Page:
`Bed and Sofa' is a silent-film musical

Theater

March 27, 2000|By J. Wynn Rousuck | J. Wynn Rousuck,SUN THEATER CRITIC

"Bed and Sofa" is a small musical with big themes. Based on a 1926 silent Russian film by Abram Room, the three-person show about a romantic triangle also examines the similarities between the tyranny of love and the tyranny of dictatorship.

The Soviet government banned the movie, but seven decades later, composer Polly Pen and librettist Laurence Klavan turned it into what they call "a silent movie opera." That hybrid, which is far from silent, is receiving a vocally arresting debut at Fell's Point Corner Theatre.

The show is a challenging endeavor for a community theater, but director Bill Kamberger has conquered tough musical territory at Fell's Point before. Last season he staged a stunning production of "Wings," a musical about a stroke victim. "Bed and Sofa" gives him less extraordinary material to work with, but he has cast the show well, and the result is demanding and rewarding at the same time.

The linchpin of the cast musically and dramatically is Pebble Kranz, whose magnificent voice has graced a number of local stages, including Center Stage. As the woman caught in the middle, it is Kranz's character who draws the connection between despotic lovers and despotic political leadership.

Although the underdeveloped characters drift thoughtlessly from one predicament and romance to another, Kranz' character does finally make a definitive decision and sticks to it.

As her lover, Jeff Burch has a voice that blends nicely, and he also effectively conveys his character's basic shyness.

Bill Toscano, as Kranz' husband, isn't as smooth a singer, but then, his construction worker character is supposed to be a crude and boorish figure. And Toscano holds his own in the musical apex of the evening, a trio in which the three characters express their separate dreams.

The music, accompanied by an uneven quartet under the direction of keyboard player Jane Rubak, incorporates the sound of a silent movie score with touches of ragtime as well as a more modern operatic flavor. Though the lyrics are often disturbingly pedestrian -- "I have wrapped my sandwich in paper," Toscano sings -- the use of recurring musical and lyrical motifs heightens the emotional impact.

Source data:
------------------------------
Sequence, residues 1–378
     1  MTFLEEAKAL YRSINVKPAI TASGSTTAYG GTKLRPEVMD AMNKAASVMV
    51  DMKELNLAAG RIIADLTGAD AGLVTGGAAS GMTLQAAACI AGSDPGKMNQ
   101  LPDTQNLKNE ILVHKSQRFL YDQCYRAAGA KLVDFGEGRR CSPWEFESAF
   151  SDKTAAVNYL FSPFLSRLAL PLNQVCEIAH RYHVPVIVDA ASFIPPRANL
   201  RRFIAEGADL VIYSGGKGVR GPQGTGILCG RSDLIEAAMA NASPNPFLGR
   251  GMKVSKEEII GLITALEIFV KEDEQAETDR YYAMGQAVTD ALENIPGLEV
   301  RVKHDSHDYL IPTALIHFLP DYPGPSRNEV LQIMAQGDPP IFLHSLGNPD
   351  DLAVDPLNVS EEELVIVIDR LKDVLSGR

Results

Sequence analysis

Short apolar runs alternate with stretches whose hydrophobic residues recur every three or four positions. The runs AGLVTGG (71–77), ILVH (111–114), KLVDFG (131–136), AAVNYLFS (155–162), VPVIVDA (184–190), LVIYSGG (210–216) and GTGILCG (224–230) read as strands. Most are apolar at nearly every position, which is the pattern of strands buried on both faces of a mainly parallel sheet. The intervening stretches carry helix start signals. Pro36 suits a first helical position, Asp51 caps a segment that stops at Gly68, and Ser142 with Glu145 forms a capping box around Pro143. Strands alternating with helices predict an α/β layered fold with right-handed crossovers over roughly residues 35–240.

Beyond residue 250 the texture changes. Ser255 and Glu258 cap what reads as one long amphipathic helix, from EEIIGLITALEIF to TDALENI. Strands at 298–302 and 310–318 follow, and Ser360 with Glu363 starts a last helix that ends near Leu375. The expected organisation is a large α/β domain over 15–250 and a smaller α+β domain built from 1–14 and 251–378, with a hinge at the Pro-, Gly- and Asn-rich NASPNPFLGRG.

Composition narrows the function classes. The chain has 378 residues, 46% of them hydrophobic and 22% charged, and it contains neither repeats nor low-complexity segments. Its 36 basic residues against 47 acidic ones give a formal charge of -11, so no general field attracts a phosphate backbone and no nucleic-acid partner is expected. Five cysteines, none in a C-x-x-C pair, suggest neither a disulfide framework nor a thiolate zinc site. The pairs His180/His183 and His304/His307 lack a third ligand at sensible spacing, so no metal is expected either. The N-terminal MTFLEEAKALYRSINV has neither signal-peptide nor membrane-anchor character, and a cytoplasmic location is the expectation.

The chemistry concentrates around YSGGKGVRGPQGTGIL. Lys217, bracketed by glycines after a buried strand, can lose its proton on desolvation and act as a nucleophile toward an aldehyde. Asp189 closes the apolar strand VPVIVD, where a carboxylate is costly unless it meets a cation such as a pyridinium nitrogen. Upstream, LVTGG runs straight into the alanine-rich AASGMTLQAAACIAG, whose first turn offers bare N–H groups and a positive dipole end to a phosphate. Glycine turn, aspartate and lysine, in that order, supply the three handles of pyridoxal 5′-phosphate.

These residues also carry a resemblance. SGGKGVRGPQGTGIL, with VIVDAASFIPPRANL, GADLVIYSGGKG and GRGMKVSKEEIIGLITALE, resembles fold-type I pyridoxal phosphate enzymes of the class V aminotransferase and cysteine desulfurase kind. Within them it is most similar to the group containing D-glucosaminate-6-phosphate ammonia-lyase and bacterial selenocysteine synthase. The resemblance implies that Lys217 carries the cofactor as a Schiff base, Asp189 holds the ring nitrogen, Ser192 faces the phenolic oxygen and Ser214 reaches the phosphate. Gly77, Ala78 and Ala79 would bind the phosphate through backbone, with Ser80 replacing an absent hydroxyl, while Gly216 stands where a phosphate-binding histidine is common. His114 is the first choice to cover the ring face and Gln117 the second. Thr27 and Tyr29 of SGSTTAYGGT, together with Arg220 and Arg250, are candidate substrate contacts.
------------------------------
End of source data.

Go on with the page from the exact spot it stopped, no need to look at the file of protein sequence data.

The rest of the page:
"Bed and Sofa" is a sketchy and, at times, frustrating work, particularly in terms of characterizations. Musically, however, it is strikingly idiosyncratic -- a gutsy choice for both the theater and its audience.

Show times at Fell's Point Corner, 251 S. Ann St., are 8 p.m. Fridays and Saturdays, 2 p.m. Sundays, through April 9. Tickets are $15. Call 410-276-7837.

Center Stage Presents

New York cabaret singer Mary Cleere Haran will headline this year's installment of Center Stage Presents, the annual fund-raiser scheduled for April 8.

Haran's latest cabaret show, "Crazy Rhythm: Manhattan in the Twenties," played four months at the Algonquin Hotel's Oak Room. A member of the original Broadway cast of "The 1940s Radio Hour," she also appeared in "The Rodgers & Hart Story" on PBS. She has sung in cabarets from San Francisco to London and has released five recordings, most recently "The Memory of All That: The Songs of George Gershwin."

The 14th annual Center Stage gala, to be held at the theater, 700 N. Calvert St., will begin with cocktails and hors d'oeuvres at 6: 30 p.m. Haran will perform at 7: 30 p.m., and a buffet supper by the Classic Catering People will be served at 8: 30 p.m.

This year's fund-raiser honors the theater's long-time managing director, Peter W. Culman, who retires in June. The event also includes a silent auction of Center Stage memorabilia. Limited tickets remain; the cost is $250. The event has raised more than $1.6 million over the past 13 years for Center Stage's artistic and education programs. For more information, call 410-685-3200, Ext. 434.

Cuba Gooding Sr.

Cuba Gooding Sr., lead vocalist with the rhythm and blues group the Main Ingredient, isn't just a singer and patriarch of a family of performers. Lately he's followed his sons, Cuba Jr. and Omar, into the acting trade. Beginning tomorrow, audiences at the Mechanic Theatre will get a chance to see Gooding in his second stage show, Lisa Garrett Reynolds' gospel music, "Be Careful What You Pray For."

Gooding Sr. sings two of his Main Ingredient hits, "Everybody Plays the Fool" and "I'm So Proud," in the show, which examines the themes of romance, family values and religion.

Show times at the Mechanic, 25 Hopkins Plaza, are 8 p.m. tomorrow through Saturday and 7: 30 p.m. Sunday, with matinees at 3: 30 p.m. Saturday and 3 p.m. Sunday. Tickets are $19.50-29.50. For more information call 410-752-1200.

Two workshops

The Baltimore Theatre Alliance is sponsoring two workshops: Voice and Body Training (12: 30 p.m. to 2: 30 p.m., April 15) will explore the Lessac Approach, a vocal system that relies on physical sensations rather than the ear. The class will be taught by Nancy Krebs, an actress, vocal coach, musical director and Baltimore School for the Arts faculty member.

An Audition Workshop (10 a.m. to noon, April 29), conducted by Bradley Thoennes, an actor who teaches at Towson University, will focus on choosing audition material and presenting it effectively. Participants should being a head shot and resume and prepare at least one two-minute monologue.

The fee for Alliance members is $20 for each workshop; non-Alliance members pay $30. Both workshops will be held at the Baltimore School for the Arts, 712 Cathedral St. Call 410-783-0777.

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